Capsule Reviews

"Chris Akin: Recent Drawings" and "Matthew and Dayna Linton: American Bikers/Views from the Sissybar" The exhibitions in the upstairs galleries of the Galveston Arts Center are a study in contrasts. On one side are Chris Akin's quiet, precise drawings, which he furtively created while on the job as a museum security guard. On sheets of paper folded into eighths, a size unobtrusive enough for him to hold, Akin creates tiny drawings with crisp geometric forms culled from the museum's interiors and the modern art they hold. Each picture plane is defined by the worn edges from the folds. On the other side of the building are Dayna and Matthew Linton's color-saturated images of bikers and biker culture. Many of the photographs have an almost pornographic fixation on the sleek, curving lines and gleaming mechanics of the machines. Then there are the shots of the bikers themselves. These are people who don't let aging flesh limit their wardrobe choices. A middle-aged woman in a bikini top, fishnet panty hose and a rhinestone thong, and a stringy shirtless guy well into his sixties with sagging pecs and a plethora of tattoos are just two of the characters on view. Through October 3. 22nd and Strand, 409-763-2403.

"Composite Constructions" More often than not, an art show in an office building means paintings stranded on temporary walls in some cavernous space. "Composite Constructions" is a little quirkier and more interesting than that. The hallways that bisect the lobby at the Travis Tower have wood-lined vitrines set into their walls. Two large ones provide perfect display space for Hillevi Barr's sculptures. Barr suspends the delicate paper forms of her constructions with wires, and locking them behind glass likens them to extravagantly fragile insects. Smaller cases hold Dandridge Reed's tiny works, collages of colored paper shapes on a colored ground. They feel like monumental paintings that have been miniaturized, and their display adds to the feeling of preciousness. Scott Gordon has a juicy work made with glossy paint and torn paper in another case. Other standouts are hung on the walls and include Lance Letscher's vibrantly colored geometric collages cut from old books. (A video from one of the tenants, Cohen Eye Associates, amusingly becomes part of the exhibition. The monitor is set into the wall with the display cases and presents a digital animation of eye irritation.) Organized by Kinzelman Art Consulting. Through October 5 at Travis Tower, 1301 Travis, 713-533-9923.

"How Latitudes Become Forms: Art in a Global Age" Two women take turns pouring water over each other's heads as they sit talking. They're wrapped in towels, and water drips down their bare shoulders as their voices echo in the room. Behind them is a stone basin with faucets; the setting is a hamam, or Turkish bath. The video is part of the installation Hamam (2001) by Turkish artist Esra Ersen, a sprawling group show of works at the Contemporary Arts Museum by international, er, global artists organized by the Walker Art Center, Minneapolis. Hamam creates a wonderful sense of place. It's like visiting a foreign friend and hanging out with her girlfriends. When you travel, you take yourself out of your own context and willingly throw yourself off balance in new and unfamiliar territory. Visiting "Latitudes" is a little like that. But it's also a little like an overscheduled package tour -- the show hosts work by artists from China, India, Argentina, Turkey, Brazil, South Africa, Japan and the United States. It's something of a conglomeration, with "global-ness" as the loose organizing principle -- most pieces are primarily global in origin, while a few address globalism itself. Overall, the exhibition features strong works in a range of media. And the show's curators should be commended for venturing beyond known territory; after all, as long as you're within your own culture and know the context of the work, it's easier to interpret things. But, of course, a truly global approach to art will be impossible until artists from far-flung places are regularly included in shows not specifically about the "global." Through September 26. 5216 Montrose, 713-284-8250.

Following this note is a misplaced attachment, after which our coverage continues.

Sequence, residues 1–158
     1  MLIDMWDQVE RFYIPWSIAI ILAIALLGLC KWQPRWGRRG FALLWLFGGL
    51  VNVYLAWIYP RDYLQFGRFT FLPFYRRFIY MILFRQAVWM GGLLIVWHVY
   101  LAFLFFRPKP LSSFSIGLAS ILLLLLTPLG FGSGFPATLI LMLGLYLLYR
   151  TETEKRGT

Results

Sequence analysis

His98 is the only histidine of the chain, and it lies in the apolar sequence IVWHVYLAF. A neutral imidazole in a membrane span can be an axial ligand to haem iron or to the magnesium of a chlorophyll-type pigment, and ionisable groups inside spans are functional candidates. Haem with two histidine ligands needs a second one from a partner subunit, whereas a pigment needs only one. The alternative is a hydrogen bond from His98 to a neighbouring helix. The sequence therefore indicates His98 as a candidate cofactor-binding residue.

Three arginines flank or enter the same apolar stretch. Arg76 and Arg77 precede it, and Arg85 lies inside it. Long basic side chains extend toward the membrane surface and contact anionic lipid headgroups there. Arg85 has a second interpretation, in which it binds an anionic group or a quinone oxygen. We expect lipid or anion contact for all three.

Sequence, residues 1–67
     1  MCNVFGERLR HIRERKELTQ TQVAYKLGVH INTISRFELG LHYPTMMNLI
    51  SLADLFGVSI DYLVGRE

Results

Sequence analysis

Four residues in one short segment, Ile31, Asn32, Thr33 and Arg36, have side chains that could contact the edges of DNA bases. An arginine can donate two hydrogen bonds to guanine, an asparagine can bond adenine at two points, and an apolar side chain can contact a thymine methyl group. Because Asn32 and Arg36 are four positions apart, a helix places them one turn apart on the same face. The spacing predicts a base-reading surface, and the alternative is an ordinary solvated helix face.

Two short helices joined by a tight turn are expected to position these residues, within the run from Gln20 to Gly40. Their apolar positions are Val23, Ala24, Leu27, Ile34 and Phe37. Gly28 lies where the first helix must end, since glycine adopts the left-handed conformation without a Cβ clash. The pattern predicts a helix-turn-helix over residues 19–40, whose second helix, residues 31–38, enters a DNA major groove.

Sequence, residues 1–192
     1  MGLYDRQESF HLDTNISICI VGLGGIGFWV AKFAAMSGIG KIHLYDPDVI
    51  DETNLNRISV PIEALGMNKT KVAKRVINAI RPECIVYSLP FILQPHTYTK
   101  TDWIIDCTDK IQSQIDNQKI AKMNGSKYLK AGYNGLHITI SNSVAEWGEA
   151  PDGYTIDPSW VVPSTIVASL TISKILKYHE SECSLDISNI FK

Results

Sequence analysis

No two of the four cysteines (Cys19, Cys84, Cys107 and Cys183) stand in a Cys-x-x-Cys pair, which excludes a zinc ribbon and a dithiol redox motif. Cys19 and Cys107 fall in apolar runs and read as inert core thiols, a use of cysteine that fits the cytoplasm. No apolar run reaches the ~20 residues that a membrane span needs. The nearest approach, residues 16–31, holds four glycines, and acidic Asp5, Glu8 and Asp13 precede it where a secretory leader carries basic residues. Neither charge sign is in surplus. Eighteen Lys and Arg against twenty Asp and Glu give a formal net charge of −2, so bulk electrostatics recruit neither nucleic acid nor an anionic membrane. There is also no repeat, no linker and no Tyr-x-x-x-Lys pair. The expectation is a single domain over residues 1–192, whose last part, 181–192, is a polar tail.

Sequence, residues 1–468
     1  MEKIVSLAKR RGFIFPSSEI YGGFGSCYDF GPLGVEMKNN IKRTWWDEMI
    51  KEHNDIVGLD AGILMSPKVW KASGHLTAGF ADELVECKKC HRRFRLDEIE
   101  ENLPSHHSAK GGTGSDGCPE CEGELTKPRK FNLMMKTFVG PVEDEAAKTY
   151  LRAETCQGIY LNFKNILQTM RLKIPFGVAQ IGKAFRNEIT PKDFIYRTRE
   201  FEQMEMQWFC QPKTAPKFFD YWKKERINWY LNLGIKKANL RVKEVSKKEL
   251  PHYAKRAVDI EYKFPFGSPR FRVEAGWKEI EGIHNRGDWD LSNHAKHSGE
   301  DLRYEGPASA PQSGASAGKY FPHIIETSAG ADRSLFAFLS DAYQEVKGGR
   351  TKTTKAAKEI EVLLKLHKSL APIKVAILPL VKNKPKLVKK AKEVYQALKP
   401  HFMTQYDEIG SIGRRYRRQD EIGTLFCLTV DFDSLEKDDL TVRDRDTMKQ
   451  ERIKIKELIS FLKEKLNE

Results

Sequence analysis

"Margaret Scott Dobbins: Moving Elements" Dobbins's titles suggest exotic landscapes: Tibetan Journey, Lost Cities, Night at Desert's Edge, Rift in Time. The paintings occupy the frontier between representation and abstraction, where the sights of the perceived world begin to melt into patterns. The larger canvases are rich in texture, the boundaries between large swathes of color deliberately fogged over, the borders never certain. The colors are warm, in quiet harmony with one another. For two of the pictures, Telepathy and Red Plate Tectonic, we are shown both the completed large work and smaller studies, allowing some insight into the painter's creative process. Through September 30 at The Jung Center, 5200 Montrose, 713-524-8253.

KEEP THE HOUSTON PRESS FREE... Since we started the Houston Press, it has been defined as the free, independent voice of Houston, and we'd like to keep it that way. With local media under siege, it's more important than ever for us to rally support behind funding our local journalism. You can help by participating in our "I Support" program, allowing us to keep offering readers access to our incisive coverage of local news, food and culture with no paywalls.
David Fahl
Kelly Klaasmeyer
Contact: Kelly Klaasmeyer